The time has come then to tackle the clear resin. I have never used this substance before. It feels really grown-up and must be some crazy chemical reaction given the heat a few mls of catalyst added to the resin create – and this I now learn affects the final outcome and therefore is something to be controlled and exploited. First of all I started playing with heart forms – what could be done with resins to enclose and inform this space?
Playing with samples of crochet wire, chicken wire, fence wire, crocheted stainless steel wire and crochet cotton envelopes including sea glass allowed me to explore possible surface embellishments after the resin has formed. It feels at the moment that the direction I am travelling in is to explore how the form of a human heart coud be used to hold all that symbolises through surface, item, image and concept.
I chose a number of plastic containers and found objects to embed within the resin.
I wrapped the wire in clingfilm, suspended this from a chopstick and filled with the most dense mix of 5 ml catalyst with a (not measured tut tut tut) medium amount of resin. Then I put all of this in a cut-off plastic milk carton.
The sample before had 3ml of catalyst and a medium-ish amount of resin. I tipped the 3d handwritten poem ‘Windhover’ by Gerard Manley Hopkins into a crunched plastic bottle. I was worried the text would simply sink to the bottom so tried to wrap some around another chopstick.
The next three samples used the most dilute mix and were the first samples that I mixed and poured:
Pressed rose petals, scrunched sacrificial dictionary, seed heads made up the contents, just to explore what happened to different materials, structures and forms.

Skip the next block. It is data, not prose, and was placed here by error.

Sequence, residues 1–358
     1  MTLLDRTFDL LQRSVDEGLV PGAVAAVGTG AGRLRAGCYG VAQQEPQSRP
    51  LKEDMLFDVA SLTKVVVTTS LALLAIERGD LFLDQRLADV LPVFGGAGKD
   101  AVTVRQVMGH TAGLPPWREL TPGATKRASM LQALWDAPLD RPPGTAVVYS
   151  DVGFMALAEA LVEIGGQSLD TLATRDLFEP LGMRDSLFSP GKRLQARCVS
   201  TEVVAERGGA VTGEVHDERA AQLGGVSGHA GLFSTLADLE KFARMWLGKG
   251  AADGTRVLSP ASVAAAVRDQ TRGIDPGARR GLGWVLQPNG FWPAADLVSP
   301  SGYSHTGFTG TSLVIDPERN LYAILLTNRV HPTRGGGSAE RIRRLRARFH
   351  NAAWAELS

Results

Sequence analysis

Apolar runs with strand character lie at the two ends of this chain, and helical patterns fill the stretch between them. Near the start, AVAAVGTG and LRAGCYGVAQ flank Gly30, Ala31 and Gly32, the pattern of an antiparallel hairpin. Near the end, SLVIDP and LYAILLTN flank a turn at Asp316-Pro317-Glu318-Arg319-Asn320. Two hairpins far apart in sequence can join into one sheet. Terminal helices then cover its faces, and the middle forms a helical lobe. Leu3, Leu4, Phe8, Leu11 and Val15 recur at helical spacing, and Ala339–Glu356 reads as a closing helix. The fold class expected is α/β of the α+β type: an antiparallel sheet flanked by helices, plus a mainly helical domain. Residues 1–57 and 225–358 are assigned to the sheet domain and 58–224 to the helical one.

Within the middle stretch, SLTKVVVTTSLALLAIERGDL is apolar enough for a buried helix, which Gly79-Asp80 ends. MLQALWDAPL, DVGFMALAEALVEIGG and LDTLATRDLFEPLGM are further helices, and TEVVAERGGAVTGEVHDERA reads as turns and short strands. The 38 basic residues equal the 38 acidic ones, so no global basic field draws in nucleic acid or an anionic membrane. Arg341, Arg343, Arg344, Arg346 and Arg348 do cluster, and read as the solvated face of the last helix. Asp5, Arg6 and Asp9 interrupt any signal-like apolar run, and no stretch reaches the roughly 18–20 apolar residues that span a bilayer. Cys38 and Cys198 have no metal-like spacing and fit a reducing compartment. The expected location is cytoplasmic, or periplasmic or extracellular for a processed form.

Parallel to this experiment was a test with wax having read up on Leonardo’s experiments with anatomy – he cast a wax from of a heart wich allowed him to study the interior and also enabled him to make his own glass heart from which he could draw and observe closely. Although this experiment predates this work by 500 years, I was curious.
Then I had to step away and leave the resin hidden from view for what felt an interminable amount of time.
I amused myself with a blood capillary inspired 3d scribble as a distraction – for about 5 minutes.
Then I was called away for a few hours – at some point between 2 o’clock and 8 pm the resins had set. Mr Man helped me cut away the moulds and reveal the results of my experiments, being a regular resin employer (usually more epoxy and fibre glass in his line of work) he was able to comment on what had caused the different results – they might be seen as successes and failures for his work, but on my terms I saw them as specific effects.
Oh and he did guess that I hadn’t measured anything or followed any instructions…but I told him I had, I’d worn gloves since he told me if I got the catalyst on my nails they would go soft and fall off – so I wore gardening gloves.
Sample sharing tomorrow…